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Our Corporate Services Attorney Discusses Buyout Agreements for Nevada LLC Formations

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Many Nevada LLC formation owners neglect to create buyout agreements, but they can be critical to harmonious LLC co-ownership. A buyout or buy/sell agreement states what must happen when after a Nevada LLC formation, an owner wants to leave the company, or, worse, departs after death, bankruptcy, or divorce.

Function of a Buyout or Buy/Sell Agreement

Contrary to widespread belief, buy/sell agreements are not about just buying and selling companies. They are binding contracts among co-owners of a business governing procedure when an owner wants a buyout or a new owner wants to buy in. To avoid misunderstanding over terminology, the phrase “buyout agreement” will refer to the document under discussion in this article.

A buyout agreement governs the following business decisions:

  • Whether the remaining LLC owners can be required to buy the departing owner out,
  • Whether anyone else can buy the departing owner’s share of the business,
  • Whether there is a constant value for an LLC owner’s interest,
  • Whether other events can trigger a buyout.

A buyout agreement among LLC owners is like a prenuptial agreement between spouses. If the union created by the Nevada LLC formation does not endure, the buyout agreement specifies in advance what happens to the business.

Events Governed

Typical events that trigger the buyout of an owner’s interest under a buyout agreement:

  • An owner’s retirement or resignation,
  • An outside offer to purchase an owner’s interest in the company,
  • A divorce settlement by which an owner’s ex-spouse receives an ownership interest in the company,
  • Enforcement a debt secured by an ownership interest,
  • Personal bankruptcy of an owner, or
  • Disability or incapacity of an owner.

The Need for Buyout Agreements

It’s a mistake to ignore the fact that sooner or later personal circumstances change. When they do, buyout agreements can help in several situations. Two general examples:

  • An owner leaves. The odds are good that an owner will want to leave the LLC before others are ready to sell or close it. Without a buyout agreement, the LLC might dissolve automatically by operation of law when an owner leaves, forcing a sale and division of the business assets. Without a buyout agreement, if the remaining owners wish to continue the business there will be no rules governing whether and how to buy out departing owners. This shortcoming could cause serious personal and business discord, perhaps even court battles and the total loss of the Nevada LLC formation.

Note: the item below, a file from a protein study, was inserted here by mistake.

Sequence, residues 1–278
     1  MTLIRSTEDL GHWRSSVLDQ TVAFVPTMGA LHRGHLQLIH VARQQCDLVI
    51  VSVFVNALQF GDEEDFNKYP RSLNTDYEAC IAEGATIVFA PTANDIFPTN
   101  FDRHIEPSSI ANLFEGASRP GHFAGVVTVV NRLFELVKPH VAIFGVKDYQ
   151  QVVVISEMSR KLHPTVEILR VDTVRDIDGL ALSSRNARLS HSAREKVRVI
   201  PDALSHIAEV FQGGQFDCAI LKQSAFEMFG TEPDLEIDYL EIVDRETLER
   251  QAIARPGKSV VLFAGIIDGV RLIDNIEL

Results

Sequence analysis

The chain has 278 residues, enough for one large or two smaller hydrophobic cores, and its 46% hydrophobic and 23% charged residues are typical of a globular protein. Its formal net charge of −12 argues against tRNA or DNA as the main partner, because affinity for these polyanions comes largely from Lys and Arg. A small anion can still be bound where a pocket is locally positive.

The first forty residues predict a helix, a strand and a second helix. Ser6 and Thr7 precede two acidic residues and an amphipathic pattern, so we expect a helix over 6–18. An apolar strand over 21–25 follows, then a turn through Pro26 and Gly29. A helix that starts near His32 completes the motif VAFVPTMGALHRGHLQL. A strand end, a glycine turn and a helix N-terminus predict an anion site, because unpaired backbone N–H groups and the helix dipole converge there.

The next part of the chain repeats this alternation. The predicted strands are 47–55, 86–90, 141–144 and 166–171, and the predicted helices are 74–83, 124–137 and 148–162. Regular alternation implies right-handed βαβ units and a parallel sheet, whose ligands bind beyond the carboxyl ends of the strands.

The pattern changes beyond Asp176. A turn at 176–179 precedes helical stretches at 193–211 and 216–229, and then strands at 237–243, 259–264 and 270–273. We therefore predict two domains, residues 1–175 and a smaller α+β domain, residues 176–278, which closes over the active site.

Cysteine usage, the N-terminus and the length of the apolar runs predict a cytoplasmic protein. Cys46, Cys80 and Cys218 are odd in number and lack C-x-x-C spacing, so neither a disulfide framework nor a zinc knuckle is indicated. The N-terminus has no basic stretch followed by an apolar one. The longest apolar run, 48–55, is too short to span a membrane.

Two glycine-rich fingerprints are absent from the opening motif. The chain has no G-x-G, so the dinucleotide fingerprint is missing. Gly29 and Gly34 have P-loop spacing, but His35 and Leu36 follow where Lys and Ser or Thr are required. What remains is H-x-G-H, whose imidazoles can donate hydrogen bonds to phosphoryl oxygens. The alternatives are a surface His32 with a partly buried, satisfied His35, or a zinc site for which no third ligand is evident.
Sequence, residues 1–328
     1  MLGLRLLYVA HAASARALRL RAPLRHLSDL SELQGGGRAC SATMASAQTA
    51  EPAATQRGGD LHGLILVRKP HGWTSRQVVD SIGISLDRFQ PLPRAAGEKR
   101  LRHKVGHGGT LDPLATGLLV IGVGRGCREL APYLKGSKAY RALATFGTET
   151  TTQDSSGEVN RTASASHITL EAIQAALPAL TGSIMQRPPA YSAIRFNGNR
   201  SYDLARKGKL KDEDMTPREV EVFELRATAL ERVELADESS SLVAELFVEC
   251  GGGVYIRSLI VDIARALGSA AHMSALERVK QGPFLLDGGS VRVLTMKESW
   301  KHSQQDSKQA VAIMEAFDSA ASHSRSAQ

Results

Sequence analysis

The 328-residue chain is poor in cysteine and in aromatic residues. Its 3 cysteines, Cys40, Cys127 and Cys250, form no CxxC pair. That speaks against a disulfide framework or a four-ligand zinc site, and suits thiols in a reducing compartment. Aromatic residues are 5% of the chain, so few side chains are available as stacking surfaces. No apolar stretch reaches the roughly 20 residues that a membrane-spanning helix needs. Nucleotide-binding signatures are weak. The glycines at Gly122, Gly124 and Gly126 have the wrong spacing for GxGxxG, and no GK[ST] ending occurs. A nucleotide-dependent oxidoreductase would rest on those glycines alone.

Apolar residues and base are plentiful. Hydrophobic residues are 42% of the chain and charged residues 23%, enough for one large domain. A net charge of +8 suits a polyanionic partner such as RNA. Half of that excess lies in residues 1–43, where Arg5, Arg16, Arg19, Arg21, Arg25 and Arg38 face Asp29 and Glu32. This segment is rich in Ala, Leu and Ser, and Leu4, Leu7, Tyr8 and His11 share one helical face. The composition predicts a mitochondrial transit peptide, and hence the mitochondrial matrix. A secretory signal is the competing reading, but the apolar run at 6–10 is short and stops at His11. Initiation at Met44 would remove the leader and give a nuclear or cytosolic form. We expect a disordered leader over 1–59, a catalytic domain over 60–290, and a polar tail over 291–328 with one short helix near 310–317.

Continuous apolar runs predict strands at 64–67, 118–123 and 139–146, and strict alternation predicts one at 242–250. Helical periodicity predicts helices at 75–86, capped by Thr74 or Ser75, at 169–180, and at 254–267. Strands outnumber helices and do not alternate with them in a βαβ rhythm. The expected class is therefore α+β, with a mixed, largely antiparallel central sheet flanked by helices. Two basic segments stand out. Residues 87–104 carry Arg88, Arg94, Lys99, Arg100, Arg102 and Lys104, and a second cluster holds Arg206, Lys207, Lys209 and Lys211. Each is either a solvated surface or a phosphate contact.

• An outsider wants to become a new owner. A buyout agreement governs who can buy an interest in the Nevada LLC formation and how. Without this provision, an owner could sell an interest to someone unacceptable to other owners.

Besides prevention of potential future problems, buyout agreements have the immediate benefit of motivating the LLC owners to talk about hopes and expectations for the business and put it on a sound planning track from the start.

Buyout Agreement Form

A buyout agreement can be part of the initial Nevada LLC formation or a separate standalone agreement. Once the business is underway, a corporate services attorney can work with the owners throughout the year to advise them on important decisions and to represent them in commercial transactions and in legal proceedings. From conducting shareholder meetings to preparing regulatory state or federal filings, corporate services attorneys make sure all LLC activities comply fully with federal, state, and local laws.

Contact a Corporate Services Attorney

As a business matures and grows, a corporate services attorney anticipates conflicts and proposes and negotiates solutions with vendors, customers, employees, and government bureaucrats. While in a perfect world a business can avoid conflicts completely, in the real world a skilled, experienced corporate services attorney finds effective solutions that save money, time, and aggravation. The Sutton Law Center PC assists businesses in every way important to their prosperity and success. To schedule an appointment with a knowledgeable corporate services attorney, call 775–824–0300 today.